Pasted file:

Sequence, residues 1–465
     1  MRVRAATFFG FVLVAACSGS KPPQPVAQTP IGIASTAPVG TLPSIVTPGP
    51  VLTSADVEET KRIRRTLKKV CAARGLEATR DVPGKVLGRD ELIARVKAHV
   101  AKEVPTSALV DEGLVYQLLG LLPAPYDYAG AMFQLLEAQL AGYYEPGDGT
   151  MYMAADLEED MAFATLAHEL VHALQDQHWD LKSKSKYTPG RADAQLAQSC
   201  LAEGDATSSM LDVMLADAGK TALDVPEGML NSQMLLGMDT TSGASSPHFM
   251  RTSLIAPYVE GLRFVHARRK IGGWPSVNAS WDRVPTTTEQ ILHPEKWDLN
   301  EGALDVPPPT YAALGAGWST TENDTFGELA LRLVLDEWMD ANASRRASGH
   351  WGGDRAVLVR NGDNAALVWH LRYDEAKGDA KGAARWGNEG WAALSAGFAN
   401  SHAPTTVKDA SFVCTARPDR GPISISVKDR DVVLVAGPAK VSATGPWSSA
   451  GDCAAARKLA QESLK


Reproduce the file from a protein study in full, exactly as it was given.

Sequence, residues 1–465
     1  MRVRAATFFG FVLVAACSGS KPPQPVAQTP IGIASTAPVG TLPSIVTPGP
    51  VLTSADVEET KRIRRTLKKV CAARGLEATR DVPGKVLGRD ELIARVKAHV
   101  AKEVPTSALV DEGLVYQLLG LLPAPYDYAG AMFQLLEAQL AGYYEPGDGT
   151  MYMAADLEED MAFATLAHEL VHALQDQHWD LKSKSKYTPG RADAQLAQSC
   201  LAEGDATSSM LDVMLADAGK TALDVPEGML NSQMLLGMDT TSGASSPHFM
   251  RTSLIAPYVE GLRFVHARRK IGGWPSVNAS WDRVPTTTEQ ILHPEKWDLN
   301  EGALDVPPPT YAALGAGWST TENDTFGELA LRLVLDEWMD ANASRRASGH
   351  WGGDRAVLVR NGDNAALVWH LRYDEAKGDA KGAARWGNEG WAALSAGFAN
   401  SHAPTTVKDA SFVCTARPDR GPISISVKDR DVVLVAGPAK VSATGPWSSA
   451  GDCAAARKLA QESLK